Coping With an Alcoholic Parent — by Mendi Baron, LCSW

Mental health concept. Addictions - Alcoholism.

Breaking the Cycle

If your mom or dad is an alcoholic, you already know how difficult that is to explain to anyone else. You wonder why your parent can’t be normal. Why can’t they show up to every game or school event? When they do show up, you worry that they’ll embarrass you – none of your friend’s parents slur their words or get loud and argumentative. You think you’re the only one. Every other kid goes home to a cleaner house with dinner on the table, rather than the weird chaos that always surrounds your family.

The truth is that no one’s life is “normal.” Everyone has oddities in their family they worry about. Everyone has problems. But that knowledge doesn’t do a lot of good when you feel like no one understands you. In fact, you often feel like your parent’s alcoholism makes them, and you, not as good as anyone else. These are hard feelings to get past. And they’re not true. The feelings of “less than” are negative self-talk that just don’t hold true in reality. They’re also the same kind of negative self-image that goes hand in hand with addiction.

Comprehension: It’s Not Just Something They Measure On Standardized Tests

Understanding your parent’s addiction can be your strongest asset – it will help you to remove the guilt and negative self-talk. It can also help you avoid walking in their path.

Alcohol addiction takes many forms. A lot of people don’t admit they have a problem and, even when they do, they may not be able to fix the issue. For you, the solution may seem easy – just stop drinking! Your emotions on this might range from fear and embarrassment to complete rage. And you have every right to feel how you feel. A parent is supposed to put your needs before their own and alcoholics usually can’t. Their need to drink often looks like selfishness. You learn not to count on them and go without because they didn’t take care of things most parents would.

While your feelings are all valid, what you need to understand is that an alcoholic doesn’t love any less than someone who isn’t dependent. Their inability to do what you need doesn’t say anything negative about you. They love you in the best way they can and their lack of showing they care doesn’t make you unworthy of love.

They may be so dependent that they literally can’t stop drinking because their body needs the alcohol. If they’re severely addicted, quitting will lead to physical withdrawal that can be dangerous. Some alcoholics have mood swings or temper problems while drinking. They also might be moody when they’re trying not to drink. Many alcoholics also suffer from other problems, such as depression – these dual situations can be very difficult for the addict and their family because the mental issues increase the alcoholism symptoms and the substances increase the symptoms of depression making a very dark cycle to withstand.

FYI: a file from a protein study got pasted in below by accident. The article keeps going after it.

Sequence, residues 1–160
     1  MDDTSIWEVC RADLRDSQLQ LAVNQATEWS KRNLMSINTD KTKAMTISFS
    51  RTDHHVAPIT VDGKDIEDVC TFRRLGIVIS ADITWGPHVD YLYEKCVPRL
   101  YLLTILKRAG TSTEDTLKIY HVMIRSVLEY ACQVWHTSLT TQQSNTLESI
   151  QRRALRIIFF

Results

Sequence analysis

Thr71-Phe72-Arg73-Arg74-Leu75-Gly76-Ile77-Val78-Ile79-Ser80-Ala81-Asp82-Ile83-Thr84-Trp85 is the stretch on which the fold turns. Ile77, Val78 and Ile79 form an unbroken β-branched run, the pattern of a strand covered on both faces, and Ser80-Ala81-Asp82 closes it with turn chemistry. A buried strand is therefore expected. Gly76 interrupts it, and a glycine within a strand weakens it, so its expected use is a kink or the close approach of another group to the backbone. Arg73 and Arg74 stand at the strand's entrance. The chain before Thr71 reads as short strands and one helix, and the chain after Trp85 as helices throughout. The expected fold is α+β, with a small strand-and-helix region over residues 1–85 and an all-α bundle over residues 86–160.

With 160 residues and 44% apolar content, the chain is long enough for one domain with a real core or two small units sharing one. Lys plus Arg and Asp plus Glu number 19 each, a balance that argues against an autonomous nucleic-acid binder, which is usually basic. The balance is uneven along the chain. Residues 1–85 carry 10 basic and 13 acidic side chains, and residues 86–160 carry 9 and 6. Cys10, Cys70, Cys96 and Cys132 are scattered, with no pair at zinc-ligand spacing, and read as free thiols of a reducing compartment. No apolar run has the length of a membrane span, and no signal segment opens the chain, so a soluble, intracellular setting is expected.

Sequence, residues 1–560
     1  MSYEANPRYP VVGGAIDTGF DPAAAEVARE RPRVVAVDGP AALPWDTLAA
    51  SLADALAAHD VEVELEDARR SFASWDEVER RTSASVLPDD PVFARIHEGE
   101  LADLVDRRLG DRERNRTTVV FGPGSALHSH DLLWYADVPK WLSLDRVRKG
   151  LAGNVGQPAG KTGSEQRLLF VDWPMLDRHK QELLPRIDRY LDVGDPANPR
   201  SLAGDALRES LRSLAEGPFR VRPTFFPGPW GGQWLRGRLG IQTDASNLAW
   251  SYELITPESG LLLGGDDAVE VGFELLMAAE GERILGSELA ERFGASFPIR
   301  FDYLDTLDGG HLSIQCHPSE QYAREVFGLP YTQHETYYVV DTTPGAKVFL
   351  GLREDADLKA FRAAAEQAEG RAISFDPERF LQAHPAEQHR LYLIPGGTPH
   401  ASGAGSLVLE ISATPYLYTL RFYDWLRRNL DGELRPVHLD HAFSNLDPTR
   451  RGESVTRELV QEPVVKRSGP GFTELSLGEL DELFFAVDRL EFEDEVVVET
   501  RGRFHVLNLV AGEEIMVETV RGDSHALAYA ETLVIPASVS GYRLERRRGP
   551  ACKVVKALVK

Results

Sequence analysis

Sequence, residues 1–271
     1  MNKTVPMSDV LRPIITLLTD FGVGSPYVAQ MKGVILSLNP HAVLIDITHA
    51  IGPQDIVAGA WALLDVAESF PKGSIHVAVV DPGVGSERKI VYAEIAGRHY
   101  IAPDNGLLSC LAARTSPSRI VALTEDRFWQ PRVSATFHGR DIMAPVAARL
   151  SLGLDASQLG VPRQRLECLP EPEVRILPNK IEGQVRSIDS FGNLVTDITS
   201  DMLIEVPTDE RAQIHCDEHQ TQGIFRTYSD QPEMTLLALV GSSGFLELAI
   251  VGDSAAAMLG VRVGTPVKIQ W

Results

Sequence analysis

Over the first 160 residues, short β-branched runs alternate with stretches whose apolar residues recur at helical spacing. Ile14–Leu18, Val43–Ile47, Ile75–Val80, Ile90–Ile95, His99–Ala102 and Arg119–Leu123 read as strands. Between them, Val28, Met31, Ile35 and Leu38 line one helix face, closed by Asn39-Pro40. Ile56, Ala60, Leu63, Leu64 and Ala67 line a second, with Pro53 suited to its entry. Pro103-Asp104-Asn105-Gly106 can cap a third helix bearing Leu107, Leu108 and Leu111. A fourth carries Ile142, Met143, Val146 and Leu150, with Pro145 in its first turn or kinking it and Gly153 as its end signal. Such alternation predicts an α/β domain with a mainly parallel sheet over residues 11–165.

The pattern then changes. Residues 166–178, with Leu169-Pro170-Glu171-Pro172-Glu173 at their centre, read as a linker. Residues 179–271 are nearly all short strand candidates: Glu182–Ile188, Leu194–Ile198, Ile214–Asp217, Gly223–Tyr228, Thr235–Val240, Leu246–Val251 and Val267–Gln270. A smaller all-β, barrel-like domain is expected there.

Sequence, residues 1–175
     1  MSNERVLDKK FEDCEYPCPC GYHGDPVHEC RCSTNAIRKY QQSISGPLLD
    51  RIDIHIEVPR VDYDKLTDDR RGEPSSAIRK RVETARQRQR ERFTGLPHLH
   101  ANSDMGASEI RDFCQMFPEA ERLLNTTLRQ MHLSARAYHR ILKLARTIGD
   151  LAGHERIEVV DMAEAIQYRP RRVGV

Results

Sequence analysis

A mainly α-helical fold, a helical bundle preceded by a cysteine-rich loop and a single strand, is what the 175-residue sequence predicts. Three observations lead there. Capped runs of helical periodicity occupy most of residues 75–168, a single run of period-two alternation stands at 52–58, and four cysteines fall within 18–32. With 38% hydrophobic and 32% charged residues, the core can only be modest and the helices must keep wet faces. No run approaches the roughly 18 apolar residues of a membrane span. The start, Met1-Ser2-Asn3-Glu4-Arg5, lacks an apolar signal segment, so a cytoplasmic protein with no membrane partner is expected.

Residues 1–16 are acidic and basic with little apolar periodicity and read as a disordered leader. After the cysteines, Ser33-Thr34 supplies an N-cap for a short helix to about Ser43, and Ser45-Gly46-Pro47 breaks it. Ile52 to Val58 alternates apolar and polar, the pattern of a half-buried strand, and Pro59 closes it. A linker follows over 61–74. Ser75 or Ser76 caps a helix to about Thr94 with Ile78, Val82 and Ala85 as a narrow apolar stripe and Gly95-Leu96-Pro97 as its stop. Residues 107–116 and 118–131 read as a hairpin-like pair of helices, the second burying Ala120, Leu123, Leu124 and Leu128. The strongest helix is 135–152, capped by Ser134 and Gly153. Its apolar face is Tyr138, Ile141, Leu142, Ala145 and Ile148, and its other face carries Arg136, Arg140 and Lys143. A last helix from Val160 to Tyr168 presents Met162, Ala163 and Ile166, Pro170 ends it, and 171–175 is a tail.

You’re Not Bob The Builder – You Can’t Fix This

“Can we fix it?” No, you can’t. Most children of alcoholics wonder how they can fix the situation. How do you get them to quit drinking? How do you get them to be happy without the alcohol? The short answer is that you can’t. No one can make an alcoholic quit drinking. They need to make this decision on their own and forcing an alcoholic to seek treatment will not work unless they are willing to quit.

That doesn’t mean that you can’t talk with them about the issue. It doesn’t mean that you shouldn’t seek guidance from people who can help. What it means is that you cannot take responsibility for their decisions. You can’t feel guilty because you didn’t get them enough help or make them quit. Those things are largely out of your control.

From Coping to Hoping

So, what can you do to cope? What can you do to make your life hopeful, even though your parent’s life might be spiraling out of control? While you can’t control what other people do, you can take control over your own decisions and your reactions to your parent’s issues. Here are some methods you can use to help you cope with your parent’s addiction.

1. Talk to someone. It’s important that you have a support system – someone you can trust and be honest with. Whether this person is a friend, family member or teacher at school. Pick a supportive person who can give you sound advice when things get hard.

2. Join a support group. Alateen is an excellent group for teens and children of alcoholics. Whether or not your parent goes for treatment, you can still join a group that will help you deal with the addiction. Groups such as these will let you talk with other kids your age going through the same issues.

3. Education. Take some time to read and learn about alcoholism. The more you understand about the disease, the more clearly you can deal with its impact on your life and the better prepared you’ll be to avoid suffering from it down the road.

Alcoholism often runs in families. Having a parent who is an alcoholic puts you more at risk for developing the problem. This doesn’t mean that you’re destined to have a drinking problem. What it does mean is that you should become familiar with the triggers and find healthy alternatives to build a better life for yourself.

About the author